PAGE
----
A couple of questions: who is Axel and Bearing, and why are they spreading grease all over the street? Second question: Why is gluten free? My parents taught me that there is a price for everything. I also enjoy the second version of Doris Day's song related to this blog: "TRE sera sera". Today, I'm delighted to not see any TRE. That little shack on the right of the entrance is charming, along with the water bottles, and folding chair. I am of a certain age where I remember those water bottles were made of glass. Sooooo heavy! I suppose whoever was locked up in that shed got hot and needed water. The plant barriers are also very sweet and simple. I used these in my yard sometimes when I am re-seeding grass and they always look so charming. Cheap and charming. I'm wondering why there was a need for the XXXL painted sign "EXIT". Along with the other oh-so-large one attached to the exit. Maybe Disneyland was so new and unique people didn't understand how or where the exit was? In "to-TRE's" world...I can say I was very confused because entrances were exits...kind of...On to Town Square, where it looks like Walt's shades are down. I'm wondering when he wasn't "in the presence" the shades were kept down (?) Or perhaps he was sleeping this lovely morning? Something to note. Love those little souvenir/info stands. So very fanciful. Like a "garden folly"....which in some time in my life I will build on in my back yard. Perhaps it will be in the spirit of this little stand. A photo taken today in this same spot would give the same spirit....just a lot more people...lots of people....lots of head band mouse ears which I don't agree with. Mouse ears should be the Roy Williams type. Just my .02. No barriers on the grass here in Town Square. I can see why that changed with the zillions of people trooping through. I'm sure there were many families who would camp out, and I would probably be wrestling with my brother completely destroying the turf. Better off with a fence...even though the openess is very pleasant. For the GDB Fundraiser, you can make a "Gold Seal" Postcard worthy Postcard Book. It's nice to still see the eucalyptus grove there on the banks of the jungle. Eucalyptus trees can live upwards of 200 years, so these trees still have much time to go. I wonder what Disneyland 2155 will look like when those trees are still around. I end with those thoughts.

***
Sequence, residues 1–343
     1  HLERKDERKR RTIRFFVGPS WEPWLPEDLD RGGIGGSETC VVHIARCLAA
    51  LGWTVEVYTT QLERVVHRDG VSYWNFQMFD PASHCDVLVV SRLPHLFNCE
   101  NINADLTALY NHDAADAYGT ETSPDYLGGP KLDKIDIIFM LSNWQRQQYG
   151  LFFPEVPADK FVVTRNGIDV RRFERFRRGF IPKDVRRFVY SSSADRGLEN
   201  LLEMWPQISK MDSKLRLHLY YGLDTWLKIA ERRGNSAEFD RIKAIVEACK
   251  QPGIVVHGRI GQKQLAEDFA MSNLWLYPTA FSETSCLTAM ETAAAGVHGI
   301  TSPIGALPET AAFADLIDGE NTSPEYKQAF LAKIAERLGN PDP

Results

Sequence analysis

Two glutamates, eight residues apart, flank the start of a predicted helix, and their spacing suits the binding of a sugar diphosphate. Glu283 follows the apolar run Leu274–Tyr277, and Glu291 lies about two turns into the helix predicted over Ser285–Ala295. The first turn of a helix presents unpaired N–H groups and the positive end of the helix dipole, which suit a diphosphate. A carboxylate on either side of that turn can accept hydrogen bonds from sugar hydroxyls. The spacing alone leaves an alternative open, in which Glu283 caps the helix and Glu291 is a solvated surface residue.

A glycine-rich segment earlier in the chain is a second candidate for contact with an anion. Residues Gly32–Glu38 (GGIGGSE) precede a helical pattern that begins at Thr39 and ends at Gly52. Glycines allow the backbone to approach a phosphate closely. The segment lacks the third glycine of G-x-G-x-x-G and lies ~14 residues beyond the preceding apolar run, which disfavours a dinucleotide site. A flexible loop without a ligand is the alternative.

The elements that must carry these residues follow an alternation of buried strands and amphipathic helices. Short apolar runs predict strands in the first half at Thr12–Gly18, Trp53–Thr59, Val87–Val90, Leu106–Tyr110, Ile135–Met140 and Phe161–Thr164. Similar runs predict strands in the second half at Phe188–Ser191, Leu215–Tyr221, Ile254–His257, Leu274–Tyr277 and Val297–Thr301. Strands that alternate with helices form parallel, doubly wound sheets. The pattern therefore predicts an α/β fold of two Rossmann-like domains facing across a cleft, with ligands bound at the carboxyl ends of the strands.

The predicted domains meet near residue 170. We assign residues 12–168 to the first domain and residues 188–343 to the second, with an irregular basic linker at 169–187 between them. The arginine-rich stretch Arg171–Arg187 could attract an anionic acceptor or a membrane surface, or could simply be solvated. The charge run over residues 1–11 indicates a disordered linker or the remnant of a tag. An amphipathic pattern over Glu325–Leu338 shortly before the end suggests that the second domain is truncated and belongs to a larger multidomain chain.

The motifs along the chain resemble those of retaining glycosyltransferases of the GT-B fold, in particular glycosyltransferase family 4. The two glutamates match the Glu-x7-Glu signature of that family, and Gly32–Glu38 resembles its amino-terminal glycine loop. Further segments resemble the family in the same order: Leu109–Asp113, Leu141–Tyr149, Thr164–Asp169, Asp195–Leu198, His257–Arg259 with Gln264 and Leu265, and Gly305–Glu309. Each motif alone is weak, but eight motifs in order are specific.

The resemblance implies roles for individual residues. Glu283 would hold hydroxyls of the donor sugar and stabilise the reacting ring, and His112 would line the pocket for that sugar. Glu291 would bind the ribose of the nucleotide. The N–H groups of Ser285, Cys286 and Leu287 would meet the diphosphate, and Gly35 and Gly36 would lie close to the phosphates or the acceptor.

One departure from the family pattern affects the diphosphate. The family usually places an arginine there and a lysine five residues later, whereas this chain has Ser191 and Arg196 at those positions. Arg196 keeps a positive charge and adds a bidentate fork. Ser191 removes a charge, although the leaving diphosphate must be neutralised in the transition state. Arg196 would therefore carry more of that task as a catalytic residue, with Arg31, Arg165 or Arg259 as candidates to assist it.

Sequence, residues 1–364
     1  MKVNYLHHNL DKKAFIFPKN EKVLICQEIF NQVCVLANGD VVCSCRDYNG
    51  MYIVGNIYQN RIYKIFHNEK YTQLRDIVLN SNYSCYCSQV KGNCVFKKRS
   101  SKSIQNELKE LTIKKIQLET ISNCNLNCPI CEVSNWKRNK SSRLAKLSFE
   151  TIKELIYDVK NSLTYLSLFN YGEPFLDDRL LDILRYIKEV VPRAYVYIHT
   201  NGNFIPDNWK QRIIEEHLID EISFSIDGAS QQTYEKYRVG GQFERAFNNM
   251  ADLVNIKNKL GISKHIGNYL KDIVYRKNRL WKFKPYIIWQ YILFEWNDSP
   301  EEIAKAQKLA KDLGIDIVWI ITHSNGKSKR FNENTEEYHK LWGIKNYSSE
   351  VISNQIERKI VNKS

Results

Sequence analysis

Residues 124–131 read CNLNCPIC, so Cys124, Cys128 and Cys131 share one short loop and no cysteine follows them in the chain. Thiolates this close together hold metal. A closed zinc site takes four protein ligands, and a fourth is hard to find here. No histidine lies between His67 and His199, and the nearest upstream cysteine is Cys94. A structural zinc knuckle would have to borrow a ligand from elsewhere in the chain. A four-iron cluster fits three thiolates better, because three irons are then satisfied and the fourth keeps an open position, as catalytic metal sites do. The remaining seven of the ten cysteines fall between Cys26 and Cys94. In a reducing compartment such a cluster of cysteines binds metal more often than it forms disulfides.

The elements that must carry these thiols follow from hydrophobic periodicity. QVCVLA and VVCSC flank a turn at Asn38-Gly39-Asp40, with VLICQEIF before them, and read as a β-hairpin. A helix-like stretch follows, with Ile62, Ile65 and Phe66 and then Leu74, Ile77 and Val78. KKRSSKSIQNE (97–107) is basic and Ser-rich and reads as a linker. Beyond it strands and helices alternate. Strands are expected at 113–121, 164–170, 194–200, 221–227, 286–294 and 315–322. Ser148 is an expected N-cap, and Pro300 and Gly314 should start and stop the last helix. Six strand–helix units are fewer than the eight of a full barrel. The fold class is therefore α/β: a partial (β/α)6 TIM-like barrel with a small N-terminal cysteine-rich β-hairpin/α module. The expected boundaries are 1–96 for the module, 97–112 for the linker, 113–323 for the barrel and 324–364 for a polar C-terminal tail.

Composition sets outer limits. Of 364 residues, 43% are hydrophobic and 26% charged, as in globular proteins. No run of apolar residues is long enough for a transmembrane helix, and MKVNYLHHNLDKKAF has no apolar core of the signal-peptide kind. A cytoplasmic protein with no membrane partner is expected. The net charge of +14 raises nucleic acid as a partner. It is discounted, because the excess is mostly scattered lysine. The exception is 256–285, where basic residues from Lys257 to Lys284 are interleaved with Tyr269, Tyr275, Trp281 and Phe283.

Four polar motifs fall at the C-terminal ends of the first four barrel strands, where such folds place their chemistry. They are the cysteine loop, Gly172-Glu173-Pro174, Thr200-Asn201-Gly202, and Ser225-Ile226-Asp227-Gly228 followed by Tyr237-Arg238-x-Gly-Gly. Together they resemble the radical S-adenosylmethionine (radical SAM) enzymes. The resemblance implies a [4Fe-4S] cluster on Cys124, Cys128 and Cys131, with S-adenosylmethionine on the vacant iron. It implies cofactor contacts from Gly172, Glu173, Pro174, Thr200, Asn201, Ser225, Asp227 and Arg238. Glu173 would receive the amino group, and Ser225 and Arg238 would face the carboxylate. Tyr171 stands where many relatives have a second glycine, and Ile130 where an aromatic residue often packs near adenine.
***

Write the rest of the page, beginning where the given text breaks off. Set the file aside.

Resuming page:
JC Shannon said...

I call your attention to the woman in pic 2 by the booth on the left. She appears to be wearing pants and a backpack. Oh no, I hear you say, not another cold war spy story Jonny! Mock me if you will, but I think she is a time traveler. She has drawn the attention of the woman in the foreground, "Look at her wearing pants, what is this generation come to?" She went away disappointed though, she couldn't find a Churro or a Dole whip anywhere, and to top it all off, she is 3 years too early to ride the submarines. Bummer. The upside for her is, she didn't have to take out a second on her house to pay for admission! Que sera sera. Thanks to all, and to Major!

Steve DeGaetano said...

Chuck, I don't have a copy of the book near me, but I believe it was in the late 1990s or early 2000s that they started repainting the engines in similar styles to their original schemes. This included repainting the portions of the boilers under the smokestacks (the "smokebox") with traditional boiled linseed oil and graphite--the formula of which the crew experimented with until they got it right (in the 1970s, this part of the boiler usually appeared white, the preference of an imagineer who thought it looked more up-beat). This was done as each engine came in for its major overhauls. Some goofs were made in the process--as in when they painted the boiler of the C.K. Holliday black (ugh). And you are absolutely correct: The E.P. Ripley lettering reflects a more pragmatic 1890s style, rather than the flamboyant style of the 1870s as suggested by the C.K. Holliday's scheme.

All the engines back then featured an intertwined "SF&D" logo, usually on the steam dome. After 1974, this of course changed to the intertwined "DRR" we all know and love today (I actually think it looks better).

Steve DeGaetano said...

Oh, and we can just make out the engineer or fireman inspecting, or more likely oiling, the engine's valve gear. The "bearing" surfaces of these engines was literally metal-on-metal, with only a film of oil between the two moving parts. They needed frequent oiling. "A drop on the machine is worth a gallon on the ground."

DrGoat said...

About that time, I was eating my Sugar Krinkles cereal and dreaming about going to Disneyland. Didn't make it till next year.
Definitely post card worthy. Did you get that big gold seal from your treasure box, Major?
Think I'll use that as a backround, along with the other dozen or so GDB pics I've filched (never remove the provenance at the bottom of course).
Thanks Major, hope that ankle's feeling much better by now.